Following a decade of growth, NSW is once again Australia’s leading economy and the only state economy worth more than half a trillion dollars.
But if we are to stay Number 1, this is not the time to take our economic success for granted or to become complacent. There are still a number of challenges and opportunities yet to be address and we need to tackle these to realise the full potential of our state.
The economic prosperity of NSW relies heavily on the success of small and medium size business. Business which not only provide consumers their services and products to live a lifestyle of their choice, but also employ 3.3 million valued staff (tax and rate payers in the eyes of Government).
Over the next 12 months, it is vital that our political leaders and the broader community fully appreciate the contribution that business makes to our society and how a stronger economy helps build our schools, hospitals and roads, as well as providing training for our young people and delivering important social services.
The business community, through the NSW Business Chamber, have already identified a number of priority areas, none of which need to become election issues if addressed early. These include:
1. A stronger local economy
2. Reductions in payroll tax
3. Affordable and reliable energy
4. More regional infrastructure
5. Red tape reductions
This week business owners across NSW will be mobilised to help boost local employment opportunities ahead of the state budget in May. We will write to our local members, asking for their support to address a major impediment to job creation – payroll tax!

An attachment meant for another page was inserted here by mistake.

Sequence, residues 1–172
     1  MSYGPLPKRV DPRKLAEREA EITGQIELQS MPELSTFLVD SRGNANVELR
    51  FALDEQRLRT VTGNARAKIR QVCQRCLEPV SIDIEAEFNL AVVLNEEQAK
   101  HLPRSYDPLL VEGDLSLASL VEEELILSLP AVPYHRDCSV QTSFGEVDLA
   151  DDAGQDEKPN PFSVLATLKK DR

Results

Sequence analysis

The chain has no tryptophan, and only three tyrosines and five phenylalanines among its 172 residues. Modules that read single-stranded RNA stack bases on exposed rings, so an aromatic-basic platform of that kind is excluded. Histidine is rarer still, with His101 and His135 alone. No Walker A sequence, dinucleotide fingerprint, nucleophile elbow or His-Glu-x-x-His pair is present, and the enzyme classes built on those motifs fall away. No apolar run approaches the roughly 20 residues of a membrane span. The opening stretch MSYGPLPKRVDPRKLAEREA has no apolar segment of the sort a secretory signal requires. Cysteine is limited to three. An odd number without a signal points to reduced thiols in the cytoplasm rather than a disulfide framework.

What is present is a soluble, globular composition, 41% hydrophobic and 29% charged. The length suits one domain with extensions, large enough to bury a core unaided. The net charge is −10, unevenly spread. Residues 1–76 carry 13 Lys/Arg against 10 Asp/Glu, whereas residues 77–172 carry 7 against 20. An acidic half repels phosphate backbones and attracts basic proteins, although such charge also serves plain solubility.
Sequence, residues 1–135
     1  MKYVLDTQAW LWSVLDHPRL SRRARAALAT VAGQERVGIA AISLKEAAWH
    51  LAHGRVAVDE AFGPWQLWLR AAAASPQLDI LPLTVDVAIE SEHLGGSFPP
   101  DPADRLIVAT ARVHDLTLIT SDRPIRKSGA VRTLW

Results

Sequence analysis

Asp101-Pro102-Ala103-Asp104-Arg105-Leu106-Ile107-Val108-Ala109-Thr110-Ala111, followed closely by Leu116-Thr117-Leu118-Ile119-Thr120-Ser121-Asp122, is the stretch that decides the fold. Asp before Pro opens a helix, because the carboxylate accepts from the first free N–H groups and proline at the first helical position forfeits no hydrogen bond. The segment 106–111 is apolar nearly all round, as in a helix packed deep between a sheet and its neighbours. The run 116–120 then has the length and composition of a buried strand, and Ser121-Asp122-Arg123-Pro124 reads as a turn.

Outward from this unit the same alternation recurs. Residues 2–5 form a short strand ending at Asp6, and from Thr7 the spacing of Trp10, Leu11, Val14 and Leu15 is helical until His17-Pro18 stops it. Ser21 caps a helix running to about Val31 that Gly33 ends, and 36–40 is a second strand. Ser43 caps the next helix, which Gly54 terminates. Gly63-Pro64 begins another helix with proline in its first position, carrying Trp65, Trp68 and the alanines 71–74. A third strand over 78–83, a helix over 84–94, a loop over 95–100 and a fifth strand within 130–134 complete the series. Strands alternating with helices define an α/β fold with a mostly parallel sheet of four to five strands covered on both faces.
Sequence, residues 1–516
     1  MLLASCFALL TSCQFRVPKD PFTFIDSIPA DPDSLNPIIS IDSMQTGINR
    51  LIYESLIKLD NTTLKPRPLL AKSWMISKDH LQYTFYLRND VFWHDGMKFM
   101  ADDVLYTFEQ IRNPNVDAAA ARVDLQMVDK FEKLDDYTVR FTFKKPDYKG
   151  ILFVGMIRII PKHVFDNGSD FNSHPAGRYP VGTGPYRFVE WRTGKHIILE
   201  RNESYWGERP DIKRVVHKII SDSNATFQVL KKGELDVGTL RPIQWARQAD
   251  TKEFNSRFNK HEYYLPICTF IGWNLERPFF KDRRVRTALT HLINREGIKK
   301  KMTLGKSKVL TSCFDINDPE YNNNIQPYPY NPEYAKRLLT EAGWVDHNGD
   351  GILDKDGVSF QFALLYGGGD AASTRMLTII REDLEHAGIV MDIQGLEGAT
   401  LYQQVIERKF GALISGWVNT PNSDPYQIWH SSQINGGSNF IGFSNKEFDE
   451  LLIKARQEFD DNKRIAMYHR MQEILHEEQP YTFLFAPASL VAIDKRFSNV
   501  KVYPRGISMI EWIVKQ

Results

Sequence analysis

For those unaware of payroll tax, it’s simply a tax on jobs and job creation. Presently your employer on top of paying you, pays an additional 5.45 per cent of your salary, commission, bonus and superannuation to the NSW Government – simply for creating local employment.
Queensland business don’t pay payroll tax till their combined staff salaries are $1.1 million, and even after the business grows to that size (approximately 12 staff) they are only taxed 4.75 per cent. The recently elected South Australian Government have committed to a payroll tax threshold of $1.5 million. Will NSW be left behind?
An increase in the payroll tax threshold for NSW to a minimum $1 million would provide assistance right across NSW. Importantly, this measure would support small and medium sized business in our region that currently have the complex and expensive task of processing payroll tax.
To keep momentum, and retain our states Number 1 spot, we need to maintain the right conditions to encourage business to grow.
The next NSW Government, elected by businesses 3.3 million valued staff, must continue to provide the economic and regulatory leadership to support and encourage the growth of business so that we build an even better NSW for all citizens and create a future for our youth.
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